From Kevin BaxterAlex, isn't it hilarious that Disney's biggest moneymaker this year is one Eisner refused to distribute? Disney totally believes The Village will be this year's Pirates and all will be forgiven. But the film will also have to be good, and early script reports are NOT good. But then those scripts may have been fakes. Then again, supposedly the twist ending was so horrid that Shyamalan allegedly had to film a new one. Add to that the fact that it is a period piece, a fact they have been trying desperately to hide in the commercials, and this could possibly be a first-weekender. BUT, it's late-July berth might help it through a slow August.
Posted via 188.8.131.52 on July 21, 2004 at 3:56 AM (MST)
Gawd, I have been so good at predicting movies this year, but this one has me stumped. I say a HUGE first weekend if reviews are middling with a mild fade. If reviews are bad, the first weekend will be Disney's biggest this year (like that's a challenge) but it will die quickly. If, somehow, all the buzz is wrong and the film is great, this will be Number Three for the summer.
From Robert NilesWalking into Universal Orlando this morning, I was struck by how hard Universal's promoting the fact that it owns the rights to the two biggest movie properties this summer: Spider-Man and Shrek. From the way Universal played it in CityWalk, you had two choices, to visit the Spider-Man park (IOA) or the Shrek park (USF).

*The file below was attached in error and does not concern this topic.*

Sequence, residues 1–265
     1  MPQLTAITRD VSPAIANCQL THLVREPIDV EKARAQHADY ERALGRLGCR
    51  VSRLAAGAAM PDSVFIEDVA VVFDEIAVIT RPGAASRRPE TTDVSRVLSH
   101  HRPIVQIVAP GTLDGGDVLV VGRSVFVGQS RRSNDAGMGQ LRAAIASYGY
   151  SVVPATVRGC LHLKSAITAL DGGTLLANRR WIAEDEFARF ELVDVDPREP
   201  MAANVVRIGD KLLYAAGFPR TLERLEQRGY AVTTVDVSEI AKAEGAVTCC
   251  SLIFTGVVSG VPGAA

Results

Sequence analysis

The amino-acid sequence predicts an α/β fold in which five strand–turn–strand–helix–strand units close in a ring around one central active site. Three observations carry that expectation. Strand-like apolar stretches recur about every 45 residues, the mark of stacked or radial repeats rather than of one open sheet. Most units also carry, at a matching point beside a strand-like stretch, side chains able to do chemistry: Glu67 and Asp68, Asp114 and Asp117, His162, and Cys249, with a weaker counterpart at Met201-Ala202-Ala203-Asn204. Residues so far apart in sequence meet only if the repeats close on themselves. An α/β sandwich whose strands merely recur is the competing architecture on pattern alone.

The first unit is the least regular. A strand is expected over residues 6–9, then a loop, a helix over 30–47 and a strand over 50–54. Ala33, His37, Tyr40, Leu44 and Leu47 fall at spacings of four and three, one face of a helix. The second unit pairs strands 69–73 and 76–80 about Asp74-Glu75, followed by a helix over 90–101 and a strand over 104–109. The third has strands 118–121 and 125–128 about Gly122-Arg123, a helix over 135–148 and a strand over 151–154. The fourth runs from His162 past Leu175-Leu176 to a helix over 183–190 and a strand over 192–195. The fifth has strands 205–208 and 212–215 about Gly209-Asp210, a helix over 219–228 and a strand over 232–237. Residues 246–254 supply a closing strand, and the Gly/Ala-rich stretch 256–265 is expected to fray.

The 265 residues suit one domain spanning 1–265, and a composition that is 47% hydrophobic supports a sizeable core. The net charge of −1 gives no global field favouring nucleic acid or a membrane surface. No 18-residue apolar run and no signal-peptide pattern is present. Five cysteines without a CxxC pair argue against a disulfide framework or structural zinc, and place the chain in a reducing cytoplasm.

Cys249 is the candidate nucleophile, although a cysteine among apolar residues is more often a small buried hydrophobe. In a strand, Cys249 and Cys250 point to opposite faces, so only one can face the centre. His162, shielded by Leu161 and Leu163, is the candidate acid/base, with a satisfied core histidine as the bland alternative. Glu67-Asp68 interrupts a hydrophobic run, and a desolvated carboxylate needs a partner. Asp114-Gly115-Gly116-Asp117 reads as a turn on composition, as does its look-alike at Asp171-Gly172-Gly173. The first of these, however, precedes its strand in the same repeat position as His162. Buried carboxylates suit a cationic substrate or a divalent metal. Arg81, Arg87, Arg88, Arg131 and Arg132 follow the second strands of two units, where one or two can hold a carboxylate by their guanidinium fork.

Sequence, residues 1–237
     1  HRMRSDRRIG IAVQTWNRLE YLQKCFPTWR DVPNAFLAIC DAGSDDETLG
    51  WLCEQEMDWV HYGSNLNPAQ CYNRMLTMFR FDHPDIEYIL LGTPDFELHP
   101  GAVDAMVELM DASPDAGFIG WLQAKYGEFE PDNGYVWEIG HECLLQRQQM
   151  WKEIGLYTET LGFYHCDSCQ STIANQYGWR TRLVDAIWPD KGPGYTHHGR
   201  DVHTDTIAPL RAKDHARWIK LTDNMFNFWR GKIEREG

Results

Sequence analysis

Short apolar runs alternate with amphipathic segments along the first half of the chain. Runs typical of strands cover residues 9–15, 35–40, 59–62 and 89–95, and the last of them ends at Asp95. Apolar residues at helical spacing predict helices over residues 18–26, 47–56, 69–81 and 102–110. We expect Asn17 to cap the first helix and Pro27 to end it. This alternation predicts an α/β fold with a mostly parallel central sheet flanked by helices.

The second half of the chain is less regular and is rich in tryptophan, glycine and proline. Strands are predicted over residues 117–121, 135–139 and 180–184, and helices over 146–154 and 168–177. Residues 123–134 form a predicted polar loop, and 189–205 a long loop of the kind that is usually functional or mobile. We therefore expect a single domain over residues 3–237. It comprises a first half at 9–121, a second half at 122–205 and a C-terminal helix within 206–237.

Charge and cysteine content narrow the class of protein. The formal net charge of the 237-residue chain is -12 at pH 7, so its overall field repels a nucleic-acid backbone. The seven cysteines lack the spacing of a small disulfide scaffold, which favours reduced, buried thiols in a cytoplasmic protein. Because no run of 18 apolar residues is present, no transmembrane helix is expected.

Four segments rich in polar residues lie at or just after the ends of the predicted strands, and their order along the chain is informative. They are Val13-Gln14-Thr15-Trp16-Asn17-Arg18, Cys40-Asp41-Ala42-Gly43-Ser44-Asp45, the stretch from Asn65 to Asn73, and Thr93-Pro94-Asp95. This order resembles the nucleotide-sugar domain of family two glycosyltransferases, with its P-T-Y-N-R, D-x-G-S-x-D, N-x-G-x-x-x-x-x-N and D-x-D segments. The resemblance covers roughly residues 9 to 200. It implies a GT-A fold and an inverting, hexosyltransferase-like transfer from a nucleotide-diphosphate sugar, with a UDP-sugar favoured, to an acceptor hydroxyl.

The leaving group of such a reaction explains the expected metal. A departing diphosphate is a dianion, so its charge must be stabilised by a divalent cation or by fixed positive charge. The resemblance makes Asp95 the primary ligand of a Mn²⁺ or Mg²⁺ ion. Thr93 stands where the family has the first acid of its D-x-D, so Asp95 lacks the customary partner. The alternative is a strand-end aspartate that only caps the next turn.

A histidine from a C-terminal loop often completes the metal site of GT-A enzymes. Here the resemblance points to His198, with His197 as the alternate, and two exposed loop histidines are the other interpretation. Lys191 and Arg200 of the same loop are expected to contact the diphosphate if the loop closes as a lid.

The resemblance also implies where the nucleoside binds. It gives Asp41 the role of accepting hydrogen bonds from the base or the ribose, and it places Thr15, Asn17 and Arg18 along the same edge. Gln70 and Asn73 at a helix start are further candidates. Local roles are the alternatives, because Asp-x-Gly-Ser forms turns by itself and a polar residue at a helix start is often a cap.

Posted via 184.108.40.206 on July 21, 2004 at 1:57 PM (MST)
I leaned over to Laurie and remarked that it was quite a contrast to Disney, whose biggest movie this year would have been Fahrenheit 911. (Not that I want to reopen the thread on what kind of attraction one could craft from that movie....)
From J. Danatoo bad universal didn't make the spidey films...then we'd REALLY have some promotions going on...it must be wierd trying to tie promotions into a rival studio's (sony) film. and it's a tightrope to distinguish that universal has rights to the comic book character, but must stay miles and miles away from anything having to do with the movie characters. either way, spider means kerchang kerchang for all involved. And let's not forget to mention SHREK 2's little post-$400 million take.
Posted via 220.127.116.11 on July 21, 2004 at 4:15 PM (MST)
From Joe LaneDon't forget--Sony Pictures owns Columbia Tristar, which holds rights to Men In Black and Ghostbusters.